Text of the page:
6.  There will be damage.  I don't care how well-trained your dog is, there are going to be things that happen.  There may be scratch marks on the sofa, from where a dog scrambled up.  He might stain a comforter by puking on it.  He might have house soiling accidents.  None of these are fun for anyone to deal with, but they do happen and you have to be OK with that.  Dog ownership does not often (ever?) go hand-in-hand with a pristine house.

7.  Are all family members on board?  Does everyone know what is expected of them?  . Make sure that everyone is willing to do their fair share, and that you know what each other's definitions of "fair share" are.  If you find out that you're going to be the only one disciplined enough to consistently take the dog out for bathroom breaks, is this going to become a problem?  We split the "dog chores" very evenly in our house, which works out really well.  It means that if I need a break, then I can take one without guilt, because I know that Jeff will take up the slack.

8.  Dogs require routine care.  They need to be taken to the vet. Sometimes they may need their teeth cleaned.  They will need to be groomed.  Their nails will need to be trimmed.  Their ears will need to be cleaned out.  They will require basic preventative maintenance.  Heart worm preventative.  Vaccinations.  They will probably need to be licensed with your city or county.

9.  You are responsible for your dog's actions.  If your dog is put into a position where he bites someone, or someone's pet, both you and your dog are in serious trouble.  Train him not to do so if that's possible.  If you have a reactive dog, take steps to isolate him from people and animals that he might hurt.  Don't set him up to fail.  Don't let your dog roam freely.  Most dog attacks that I read about were caused by dogs being allowed to roam around and terrorize the neighbors.  A dog that is gnawing on a bone on his bed or sleeping on your couch with his head in your lap is not causing trouble for others.

These are the big ones that I can think of.  Probably most of my readers have had dogs for far longer than I have.  Can you think of any that should be added?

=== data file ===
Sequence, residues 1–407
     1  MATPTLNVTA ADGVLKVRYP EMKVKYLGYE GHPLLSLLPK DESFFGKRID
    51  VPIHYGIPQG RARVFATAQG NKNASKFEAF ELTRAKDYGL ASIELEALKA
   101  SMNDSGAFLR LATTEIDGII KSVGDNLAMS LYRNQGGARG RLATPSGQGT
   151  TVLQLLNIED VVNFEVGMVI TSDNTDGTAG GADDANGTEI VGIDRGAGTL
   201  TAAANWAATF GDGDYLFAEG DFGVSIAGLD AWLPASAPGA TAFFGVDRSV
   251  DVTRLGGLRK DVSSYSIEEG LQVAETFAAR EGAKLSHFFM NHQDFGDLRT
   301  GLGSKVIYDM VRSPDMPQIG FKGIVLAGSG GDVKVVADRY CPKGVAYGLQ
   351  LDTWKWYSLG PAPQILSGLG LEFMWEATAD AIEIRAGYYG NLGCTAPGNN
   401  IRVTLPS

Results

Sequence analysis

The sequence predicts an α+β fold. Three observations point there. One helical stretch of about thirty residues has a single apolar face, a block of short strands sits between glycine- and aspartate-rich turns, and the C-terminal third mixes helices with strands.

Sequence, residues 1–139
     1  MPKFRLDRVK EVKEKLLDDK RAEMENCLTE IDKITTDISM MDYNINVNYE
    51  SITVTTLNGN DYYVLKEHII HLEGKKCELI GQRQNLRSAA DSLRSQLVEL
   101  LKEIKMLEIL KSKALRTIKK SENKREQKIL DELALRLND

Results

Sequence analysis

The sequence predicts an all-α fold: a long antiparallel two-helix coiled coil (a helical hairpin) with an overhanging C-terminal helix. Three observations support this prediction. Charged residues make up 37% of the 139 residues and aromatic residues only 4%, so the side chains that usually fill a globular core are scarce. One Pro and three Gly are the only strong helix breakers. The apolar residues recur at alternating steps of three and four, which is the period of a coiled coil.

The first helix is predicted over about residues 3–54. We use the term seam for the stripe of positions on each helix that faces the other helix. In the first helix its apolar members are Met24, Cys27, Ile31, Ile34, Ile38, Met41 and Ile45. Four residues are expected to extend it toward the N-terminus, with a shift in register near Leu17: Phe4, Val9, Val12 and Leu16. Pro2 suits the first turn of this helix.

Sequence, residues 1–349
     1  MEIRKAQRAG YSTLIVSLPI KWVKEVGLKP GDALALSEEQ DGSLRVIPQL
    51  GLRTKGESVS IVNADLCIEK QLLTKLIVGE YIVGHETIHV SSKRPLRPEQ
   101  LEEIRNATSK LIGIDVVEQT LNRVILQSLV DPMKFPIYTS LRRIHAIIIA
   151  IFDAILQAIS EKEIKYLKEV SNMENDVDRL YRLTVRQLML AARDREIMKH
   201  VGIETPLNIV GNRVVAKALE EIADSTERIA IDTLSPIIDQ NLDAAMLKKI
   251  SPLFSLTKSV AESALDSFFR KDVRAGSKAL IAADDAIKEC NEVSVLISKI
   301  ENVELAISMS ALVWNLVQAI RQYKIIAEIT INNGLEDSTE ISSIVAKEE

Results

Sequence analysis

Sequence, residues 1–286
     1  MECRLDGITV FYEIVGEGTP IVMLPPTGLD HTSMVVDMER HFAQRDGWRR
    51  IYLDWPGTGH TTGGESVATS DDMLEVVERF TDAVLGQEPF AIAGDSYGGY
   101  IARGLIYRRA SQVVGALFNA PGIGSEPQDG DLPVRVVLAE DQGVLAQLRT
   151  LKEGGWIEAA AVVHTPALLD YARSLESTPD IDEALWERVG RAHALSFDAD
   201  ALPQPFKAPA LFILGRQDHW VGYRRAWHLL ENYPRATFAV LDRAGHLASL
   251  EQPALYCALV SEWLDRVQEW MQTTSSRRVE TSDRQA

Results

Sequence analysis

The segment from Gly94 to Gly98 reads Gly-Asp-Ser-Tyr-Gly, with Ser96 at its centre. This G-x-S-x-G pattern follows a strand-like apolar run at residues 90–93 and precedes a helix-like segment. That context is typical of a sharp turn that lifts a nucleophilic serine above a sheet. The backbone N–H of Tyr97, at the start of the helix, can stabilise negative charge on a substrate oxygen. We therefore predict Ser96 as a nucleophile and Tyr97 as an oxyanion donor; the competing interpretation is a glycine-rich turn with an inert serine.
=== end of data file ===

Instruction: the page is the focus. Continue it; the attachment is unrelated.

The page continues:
1. I think you have it all about covered. I hope all first timer's take head.

  2. There is also the poop scooping! With cats, its the litter box, with dogs, it is your yard.
    Kozmo (for queen Penelope)

  3. I'd like to add that if you want a puppy, they take twenty times more of all of the things you mentioned than an adult dog. Puppies aren't for everyone. Also, think about your lifestyle when you decide to get a dog, and be realistic when choosing a dog so you'll get a good fit. For some people, an older dog is perfect and those seniors make fantastic pets. Also, realize that your dog is going to get old a lot faster than you are, and you have to be committed to seeing them through their sunset years, which often isn't easy.

  4. Great post! These really should be handed out to people thinking of adopting any animal.

  5. Truer words haven't been spoken. and.. I love the pic of dad with the pup :)

  6. What Angela J. said. You know, another thing I love about this post is, I have always felt resentment toward my parents for denying us a dog when we longed and pined for one -- and then, when my baby brother was the only one left at home (and at that, not for long), getting a dog for him and then making the poor thing (the dog, I mean, although come to think of it, not just the dog) neurotic as all hell. Now I see -- a dog was just not a fit for my parents, and they would have hated the whole exercise. It's a cold empathy I'm feeling -- but I'll take it, any day, over resentment! Many thanks to you as ever.